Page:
“I think that perhaps people are embracing this diet a little bit too enthusiastically, and they are basing that choice not on scientifically sound data, but on recommendations that they find on the internet, or on what a celebrity is doing,” says Elena Verdu, an associate professor at McMaster University and Canada Research Chair in inflammation, microbiota and nutrition.
The popularity can also lead to a health halo effect for even casual shoppers. While marketers can’t make explicit health claims, merely putting “gluten-free” on a package can mislead consumers into thinking that a box of muffins or sugary cereal is healthy.
But while there’s nothing inherently wrong with gluten, there is some support for the idea of gluten intolerance. The phenomenon was defined in a 2012 BMJ paper as “cases of gluten reactions in which neither allergic nor autoimmune mechanisms can be identified” – when the person doesn’t have celiac disease or a wheat allergy, but seems to have an adverse reaction to gluten. To know gluten is causing their symptoms, people often do a trial period where they go off gluten, then resume eating it. Many feel better when they’re off of it.
Beyond those personal stories, the science is muddy. A 2011 study by Jessica Biesiekierski and colleagues offered hope that non-celiac gluten sensitivity existed. It was inspired by those cases, says Biesiekiersk. “There were a lot of people [who had tested negative for celiac disease] coming to the gastroenterology clinic believing that gluten was a trigger for their IBS-type symptoms,” she says.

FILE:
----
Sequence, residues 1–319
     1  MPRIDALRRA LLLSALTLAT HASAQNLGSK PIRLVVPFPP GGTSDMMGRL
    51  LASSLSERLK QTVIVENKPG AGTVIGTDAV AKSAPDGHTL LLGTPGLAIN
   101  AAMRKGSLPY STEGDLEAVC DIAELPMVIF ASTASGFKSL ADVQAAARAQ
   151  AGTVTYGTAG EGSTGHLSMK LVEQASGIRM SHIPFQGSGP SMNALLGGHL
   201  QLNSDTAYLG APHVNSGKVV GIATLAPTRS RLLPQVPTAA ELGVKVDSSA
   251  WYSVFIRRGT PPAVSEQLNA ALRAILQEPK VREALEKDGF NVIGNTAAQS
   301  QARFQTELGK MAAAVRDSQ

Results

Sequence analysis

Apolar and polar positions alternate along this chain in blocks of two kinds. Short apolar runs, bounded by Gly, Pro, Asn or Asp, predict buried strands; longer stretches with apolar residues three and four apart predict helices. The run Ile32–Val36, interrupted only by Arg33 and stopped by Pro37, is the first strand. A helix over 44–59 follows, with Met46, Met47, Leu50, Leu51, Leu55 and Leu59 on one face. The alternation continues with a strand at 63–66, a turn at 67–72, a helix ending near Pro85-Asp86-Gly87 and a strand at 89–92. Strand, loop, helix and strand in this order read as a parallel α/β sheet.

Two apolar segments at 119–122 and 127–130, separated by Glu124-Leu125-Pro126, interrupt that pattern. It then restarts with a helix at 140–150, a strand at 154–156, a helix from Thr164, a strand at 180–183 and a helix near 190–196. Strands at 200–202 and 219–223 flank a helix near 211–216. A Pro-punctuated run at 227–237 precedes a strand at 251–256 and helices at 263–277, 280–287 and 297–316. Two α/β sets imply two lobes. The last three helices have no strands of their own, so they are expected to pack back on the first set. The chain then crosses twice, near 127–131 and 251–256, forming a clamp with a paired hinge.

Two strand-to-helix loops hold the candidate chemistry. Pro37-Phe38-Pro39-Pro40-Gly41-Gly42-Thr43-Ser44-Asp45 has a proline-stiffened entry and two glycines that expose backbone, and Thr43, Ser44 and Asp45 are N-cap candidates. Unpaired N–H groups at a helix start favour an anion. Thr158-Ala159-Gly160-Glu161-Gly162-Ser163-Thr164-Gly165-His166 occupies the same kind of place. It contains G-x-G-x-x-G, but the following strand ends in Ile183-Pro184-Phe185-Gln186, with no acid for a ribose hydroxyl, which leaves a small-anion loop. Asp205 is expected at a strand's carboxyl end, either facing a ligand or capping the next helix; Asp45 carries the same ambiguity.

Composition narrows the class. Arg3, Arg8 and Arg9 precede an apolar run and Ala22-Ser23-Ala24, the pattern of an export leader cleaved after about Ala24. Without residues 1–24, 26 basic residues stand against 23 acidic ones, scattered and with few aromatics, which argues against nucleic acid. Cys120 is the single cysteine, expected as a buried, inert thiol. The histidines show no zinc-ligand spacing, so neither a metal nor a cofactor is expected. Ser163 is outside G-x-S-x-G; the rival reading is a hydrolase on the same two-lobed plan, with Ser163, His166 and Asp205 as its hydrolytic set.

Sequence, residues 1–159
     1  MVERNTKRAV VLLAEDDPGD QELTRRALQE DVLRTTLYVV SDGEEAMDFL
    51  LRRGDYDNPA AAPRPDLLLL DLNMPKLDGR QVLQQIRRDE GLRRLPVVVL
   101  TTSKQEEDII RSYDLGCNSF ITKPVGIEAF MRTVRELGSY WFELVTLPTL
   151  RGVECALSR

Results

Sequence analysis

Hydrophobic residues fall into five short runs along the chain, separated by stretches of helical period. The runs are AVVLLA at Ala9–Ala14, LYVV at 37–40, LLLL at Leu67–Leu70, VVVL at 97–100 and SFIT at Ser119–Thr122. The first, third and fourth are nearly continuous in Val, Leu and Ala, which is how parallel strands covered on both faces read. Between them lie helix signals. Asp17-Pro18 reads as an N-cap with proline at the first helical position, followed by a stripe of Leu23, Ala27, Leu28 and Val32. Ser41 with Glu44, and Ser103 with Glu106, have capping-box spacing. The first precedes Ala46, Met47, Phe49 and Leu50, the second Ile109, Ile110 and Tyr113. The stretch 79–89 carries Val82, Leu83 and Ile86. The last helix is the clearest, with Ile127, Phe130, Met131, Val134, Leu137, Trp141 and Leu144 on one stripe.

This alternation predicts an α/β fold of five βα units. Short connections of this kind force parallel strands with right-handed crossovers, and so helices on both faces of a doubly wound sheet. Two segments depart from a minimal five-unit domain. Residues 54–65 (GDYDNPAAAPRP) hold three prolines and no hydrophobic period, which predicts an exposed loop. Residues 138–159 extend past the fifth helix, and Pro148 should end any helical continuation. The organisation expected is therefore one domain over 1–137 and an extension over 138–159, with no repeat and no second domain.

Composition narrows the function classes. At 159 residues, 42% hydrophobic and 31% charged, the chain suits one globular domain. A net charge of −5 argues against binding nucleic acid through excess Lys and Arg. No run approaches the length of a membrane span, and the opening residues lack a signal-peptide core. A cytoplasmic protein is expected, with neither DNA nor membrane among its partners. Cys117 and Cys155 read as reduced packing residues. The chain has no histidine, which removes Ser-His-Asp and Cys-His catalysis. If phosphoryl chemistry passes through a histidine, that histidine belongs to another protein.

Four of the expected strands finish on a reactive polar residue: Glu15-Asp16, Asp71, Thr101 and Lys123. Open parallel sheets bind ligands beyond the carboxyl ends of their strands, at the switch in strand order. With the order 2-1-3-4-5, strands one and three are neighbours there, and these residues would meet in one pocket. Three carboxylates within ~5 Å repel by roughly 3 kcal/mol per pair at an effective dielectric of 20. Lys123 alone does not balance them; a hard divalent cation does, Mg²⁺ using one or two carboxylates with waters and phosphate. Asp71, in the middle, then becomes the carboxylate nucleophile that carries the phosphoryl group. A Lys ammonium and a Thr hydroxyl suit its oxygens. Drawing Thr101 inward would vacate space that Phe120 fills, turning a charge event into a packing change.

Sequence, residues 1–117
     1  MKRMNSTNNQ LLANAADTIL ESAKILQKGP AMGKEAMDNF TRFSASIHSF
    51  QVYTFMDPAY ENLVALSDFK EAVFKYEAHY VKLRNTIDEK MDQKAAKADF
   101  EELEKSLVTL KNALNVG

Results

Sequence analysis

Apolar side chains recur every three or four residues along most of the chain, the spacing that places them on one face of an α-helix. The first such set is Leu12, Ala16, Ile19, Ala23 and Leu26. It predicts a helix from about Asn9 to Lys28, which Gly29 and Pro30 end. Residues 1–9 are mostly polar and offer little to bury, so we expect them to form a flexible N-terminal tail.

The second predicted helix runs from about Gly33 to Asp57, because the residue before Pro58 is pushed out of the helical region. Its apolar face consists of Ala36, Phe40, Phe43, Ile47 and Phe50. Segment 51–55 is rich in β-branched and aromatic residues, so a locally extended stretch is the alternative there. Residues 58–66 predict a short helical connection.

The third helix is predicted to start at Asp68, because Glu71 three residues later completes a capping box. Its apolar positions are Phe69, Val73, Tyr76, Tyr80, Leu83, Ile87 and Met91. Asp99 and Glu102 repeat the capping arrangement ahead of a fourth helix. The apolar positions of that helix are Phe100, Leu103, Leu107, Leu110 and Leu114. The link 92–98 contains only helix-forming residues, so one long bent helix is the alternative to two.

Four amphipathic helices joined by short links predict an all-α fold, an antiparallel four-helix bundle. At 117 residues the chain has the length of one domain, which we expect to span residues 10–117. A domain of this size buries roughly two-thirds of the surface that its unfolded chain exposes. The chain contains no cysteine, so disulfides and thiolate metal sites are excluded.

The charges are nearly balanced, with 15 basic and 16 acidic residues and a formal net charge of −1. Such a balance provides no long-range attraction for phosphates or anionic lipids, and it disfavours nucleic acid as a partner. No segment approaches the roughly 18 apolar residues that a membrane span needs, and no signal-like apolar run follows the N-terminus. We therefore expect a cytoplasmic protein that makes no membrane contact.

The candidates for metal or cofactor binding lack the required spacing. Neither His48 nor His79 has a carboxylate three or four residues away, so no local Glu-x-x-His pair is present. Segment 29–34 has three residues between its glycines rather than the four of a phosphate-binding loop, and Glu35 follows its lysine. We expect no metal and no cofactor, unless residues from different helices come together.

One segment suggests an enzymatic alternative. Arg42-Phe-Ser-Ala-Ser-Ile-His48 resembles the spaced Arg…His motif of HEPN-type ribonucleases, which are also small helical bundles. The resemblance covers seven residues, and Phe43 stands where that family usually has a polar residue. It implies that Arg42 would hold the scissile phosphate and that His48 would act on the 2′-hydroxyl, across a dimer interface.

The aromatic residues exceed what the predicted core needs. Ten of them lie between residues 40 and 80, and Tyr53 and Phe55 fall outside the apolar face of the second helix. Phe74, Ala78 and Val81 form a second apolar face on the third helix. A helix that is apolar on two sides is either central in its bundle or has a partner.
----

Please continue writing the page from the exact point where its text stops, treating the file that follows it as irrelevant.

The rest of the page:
The researchers ran a randomized, double-blind study with 34 patients who had IBS and said they felt worse after eating gluten. They found that within a week, those eating gluten had significantly more symptoms. “We were quite surprised at those results – we didn’t actually expect it to be real,” Biesiekierski says.
But a follow up study by Biesiekierski’s team, published in Gastroenterology in 2013, found just the opposite. This time, they gave every participant a high-gluten, low-gluten and placebo phase. They also put everyone on a background diet, called low-FODMAPs, to minimize IBS symptoms.
The results were also surprising: they found that there was no difference between the three phases. “In fact, people got more symptoms during the placebo week,” says Biesiekierski, though a parallel study did find the participants had lower levels of depressive feelings when they weren’t eating gluten. In an accompanying piece in Gastroenterology, Rohini Vagna and Daniel Leffler, from the Beth Israel Deaconess Medical Center’s Celiac Centre in Boston, wrote: “Unfortunately, the [study] raises more questions than it answers. Indeed, the study calls into question the very existence of [non-celiac gluten sensitivity].”
Biesiekierski herself has doubts. “There’s a lot of mixed evidence: it might exist, but we don’t know for sure yet,” she says. A 2013 review of the research, co-authored by Biesiekierski, concluded “the evidence base for gluten as a trigger of symptoms in patients without celiac disease (so-called ‘non-celiac gluten sensitivity’ or NCGS) is limited.”
So why do people feel better when they stop eating gluten? Some may be have undiagnosed celiac disease – it’s underdiagnosed, though there has been a growth in awareness about it. In addition, increasing numbers of people have the disease – it’s currently around 1 in 133. For people with celiac disease, a strict-gluten free diet results in dramatic health improvements, which often begin within days.